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Arguably, there is no balance between wit and sentimentality in this text. Rather, wit is clearly dominant, with sentimentality becoming the victim of that aforementioned wit. In many ways, Sheridan wrote this play to parody the cult of sentimentality, or the dominance of feeling, that was such a part of the 18th century, thanks in part to the rise of the novel. It was feared that the novel, which was largely read by women, was a rather dangerous literary form, as it encouraged the imagination of young, impressionable women, and such a woman can be seen in the character of Lydia Languish, whose carefully chosen last name clearly indicates the dangers of over sentimentality. Lydia is completely dominated by a fixation on marrying without the approbation of her family and in order to impoverish herself. She becomes so entranced by this idea that when Beverley reveals he is actually Absolute, she is most annoyed that they will not have to elope and become poor after all. Note what she says to Julia in Act I scene 2 about her determination to impoverish herself for love:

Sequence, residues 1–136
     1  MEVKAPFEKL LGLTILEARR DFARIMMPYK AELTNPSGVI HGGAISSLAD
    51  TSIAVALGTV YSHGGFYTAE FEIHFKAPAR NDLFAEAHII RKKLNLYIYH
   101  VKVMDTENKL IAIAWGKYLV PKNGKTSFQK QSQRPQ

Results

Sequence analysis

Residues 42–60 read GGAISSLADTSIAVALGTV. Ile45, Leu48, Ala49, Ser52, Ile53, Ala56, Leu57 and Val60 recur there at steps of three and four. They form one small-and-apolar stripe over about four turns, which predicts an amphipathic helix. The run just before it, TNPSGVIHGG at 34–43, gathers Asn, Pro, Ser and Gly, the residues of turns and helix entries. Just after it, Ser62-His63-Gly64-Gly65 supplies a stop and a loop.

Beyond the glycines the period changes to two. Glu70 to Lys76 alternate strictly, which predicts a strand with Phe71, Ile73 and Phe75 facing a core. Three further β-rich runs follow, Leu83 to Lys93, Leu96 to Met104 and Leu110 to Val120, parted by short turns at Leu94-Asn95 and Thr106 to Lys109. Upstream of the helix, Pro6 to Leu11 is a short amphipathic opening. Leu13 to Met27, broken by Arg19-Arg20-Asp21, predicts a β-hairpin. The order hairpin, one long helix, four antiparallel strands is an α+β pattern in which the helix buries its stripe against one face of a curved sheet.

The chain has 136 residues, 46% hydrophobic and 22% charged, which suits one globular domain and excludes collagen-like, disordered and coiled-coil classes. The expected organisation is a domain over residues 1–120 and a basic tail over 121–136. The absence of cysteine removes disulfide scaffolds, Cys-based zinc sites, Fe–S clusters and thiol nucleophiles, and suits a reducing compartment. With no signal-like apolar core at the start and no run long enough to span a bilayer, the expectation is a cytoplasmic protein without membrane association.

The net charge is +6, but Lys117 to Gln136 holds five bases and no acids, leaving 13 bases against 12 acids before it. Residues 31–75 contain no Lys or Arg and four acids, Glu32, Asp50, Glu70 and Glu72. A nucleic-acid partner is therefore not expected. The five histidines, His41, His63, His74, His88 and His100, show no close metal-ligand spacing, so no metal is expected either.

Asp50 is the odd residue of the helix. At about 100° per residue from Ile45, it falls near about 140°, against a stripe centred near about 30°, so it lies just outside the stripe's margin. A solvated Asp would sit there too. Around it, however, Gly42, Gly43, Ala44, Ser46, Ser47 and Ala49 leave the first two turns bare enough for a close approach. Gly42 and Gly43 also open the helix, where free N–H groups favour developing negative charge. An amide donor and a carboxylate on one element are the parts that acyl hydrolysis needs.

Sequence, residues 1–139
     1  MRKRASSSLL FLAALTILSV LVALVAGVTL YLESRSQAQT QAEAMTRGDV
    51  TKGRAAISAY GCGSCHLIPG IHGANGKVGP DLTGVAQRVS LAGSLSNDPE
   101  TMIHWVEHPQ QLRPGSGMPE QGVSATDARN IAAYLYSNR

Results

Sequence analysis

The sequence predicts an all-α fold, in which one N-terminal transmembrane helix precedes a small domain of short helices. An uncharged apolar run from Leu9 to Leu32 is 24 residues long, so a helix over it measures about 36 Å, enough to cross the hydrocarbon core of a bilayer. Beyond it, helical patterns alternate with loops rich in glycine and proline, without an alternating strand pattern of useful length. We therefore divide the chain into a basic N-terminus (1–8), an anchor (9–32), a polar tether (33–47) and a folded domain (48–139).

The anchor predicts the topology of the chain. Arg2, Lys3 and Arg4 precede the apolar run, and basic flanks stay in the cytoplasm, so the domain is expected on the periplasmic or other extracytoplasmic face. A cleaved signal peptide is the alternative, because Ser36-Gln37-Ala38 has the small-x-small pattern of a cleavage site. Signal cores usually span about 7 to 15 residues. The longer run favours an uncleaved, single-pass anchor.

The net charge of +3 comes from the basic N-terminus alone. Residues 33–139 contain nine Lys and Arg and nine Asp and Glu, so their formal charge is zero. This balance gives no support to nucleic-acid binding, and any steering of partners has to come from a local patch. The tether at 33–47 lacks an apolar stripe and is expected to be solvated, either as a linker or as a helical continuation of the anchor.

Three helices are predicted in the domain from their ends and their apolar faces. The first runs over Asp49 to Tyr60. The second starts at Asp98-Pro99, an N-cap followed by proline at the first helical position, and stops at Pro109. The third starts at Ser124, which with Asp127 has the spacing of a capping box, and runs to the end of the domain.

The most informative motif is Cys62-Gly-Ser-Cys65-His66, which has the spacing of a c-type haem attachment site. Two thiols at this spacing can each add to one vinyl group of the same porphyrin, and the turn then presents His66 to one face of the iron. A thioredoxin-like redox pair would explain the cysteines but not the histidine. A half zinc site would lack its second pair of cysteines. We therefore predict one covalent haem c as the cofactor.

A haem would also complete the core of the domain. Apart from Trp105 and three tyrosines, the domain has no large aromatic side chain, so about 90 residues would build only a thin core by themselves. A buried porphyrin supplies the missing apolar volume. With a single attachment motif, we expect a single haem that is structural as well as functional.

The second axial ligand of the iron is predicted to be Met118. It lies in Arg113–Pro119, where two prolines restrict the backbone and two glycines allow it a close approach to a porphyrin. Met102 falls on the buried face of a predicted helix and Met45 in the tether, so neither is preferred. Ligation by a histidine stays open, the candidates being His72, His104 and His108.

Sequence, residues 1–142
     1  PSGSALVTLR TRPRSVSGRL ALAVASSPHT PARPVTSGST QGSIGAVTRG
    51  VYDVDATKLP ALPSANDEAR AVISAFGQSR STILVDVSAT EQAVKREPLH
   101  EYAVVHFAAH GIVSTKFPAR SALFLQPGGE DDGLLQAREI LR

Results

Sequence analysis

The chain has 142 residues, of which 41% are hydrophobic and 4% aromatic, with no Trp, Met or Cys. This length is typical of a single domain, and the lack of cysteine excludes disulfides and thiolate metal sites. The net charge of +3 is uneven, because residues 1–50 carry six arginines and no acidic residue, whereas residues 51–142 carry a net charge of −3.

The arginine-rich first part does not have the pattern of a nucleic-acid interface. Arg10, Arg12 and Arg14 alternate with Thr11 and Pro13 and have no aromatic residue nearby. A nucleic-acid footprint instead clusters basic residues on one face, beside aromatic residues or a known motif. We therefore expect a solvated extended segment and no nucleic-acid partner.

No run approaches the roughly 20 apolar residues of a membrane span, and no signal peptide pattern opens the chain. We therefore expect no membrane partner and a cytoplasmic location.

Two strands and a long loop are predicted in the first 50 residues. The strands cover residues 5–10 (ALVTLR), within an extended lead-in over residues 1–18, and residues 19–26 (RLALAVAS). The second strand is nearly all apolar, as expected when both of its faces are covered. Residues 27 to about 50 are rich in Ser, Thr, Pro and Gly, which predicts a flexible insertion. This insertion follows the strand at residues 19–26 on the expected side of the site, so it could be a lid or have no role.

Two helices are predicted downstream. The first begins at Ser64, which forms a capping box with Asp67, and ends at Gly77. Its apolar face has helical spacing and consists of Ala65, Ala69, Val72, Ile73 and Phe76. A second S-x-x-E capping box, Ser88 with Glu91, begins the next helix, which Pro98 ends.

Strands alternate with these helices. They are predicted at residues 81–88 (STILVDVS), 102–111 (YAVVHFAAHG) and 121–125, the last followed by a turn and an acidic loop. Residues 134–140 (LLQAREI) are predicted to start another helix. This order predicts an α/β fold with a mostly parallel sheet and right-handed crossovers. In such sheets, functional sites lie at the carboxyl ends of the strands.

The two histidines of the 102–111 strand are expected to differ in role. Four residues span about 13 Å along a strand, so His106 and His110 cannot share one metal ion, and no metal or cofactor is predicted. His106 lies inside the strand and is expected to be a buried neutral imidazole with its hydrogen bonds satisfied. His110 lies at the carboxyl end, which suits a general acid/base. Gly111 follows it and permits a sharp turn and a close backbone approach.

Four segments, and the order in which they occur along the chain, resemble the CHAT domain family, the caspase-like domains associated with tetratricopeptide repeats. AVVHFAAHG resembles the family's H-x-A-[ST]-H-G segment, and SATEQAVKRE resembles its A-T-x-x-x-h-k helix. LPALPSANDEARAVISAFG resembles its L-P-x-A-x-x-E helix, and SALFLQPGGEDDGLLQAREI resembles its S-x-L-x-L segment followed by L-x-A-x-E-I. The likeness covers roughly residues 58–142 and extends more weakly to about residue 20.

But you know I lose most of my fortune, if I marry without my aunt's consent, till of age; and that is what I have determined to do, ever since I knew the penalty. Nor could I love the man, who would wish to wait a day for the alternative.
Lydia tries to be a character from one of her novels that she loves so much, and thus is an example of how Sheridan satirises sentimentality. There is no place for reason or caution in Lydia's world: emotions are everything. There is therefore very little balance provided between wit and sentimentality. Sheridan uses wit to parody sentimentality and to expose its ridiculous nature to the audience.
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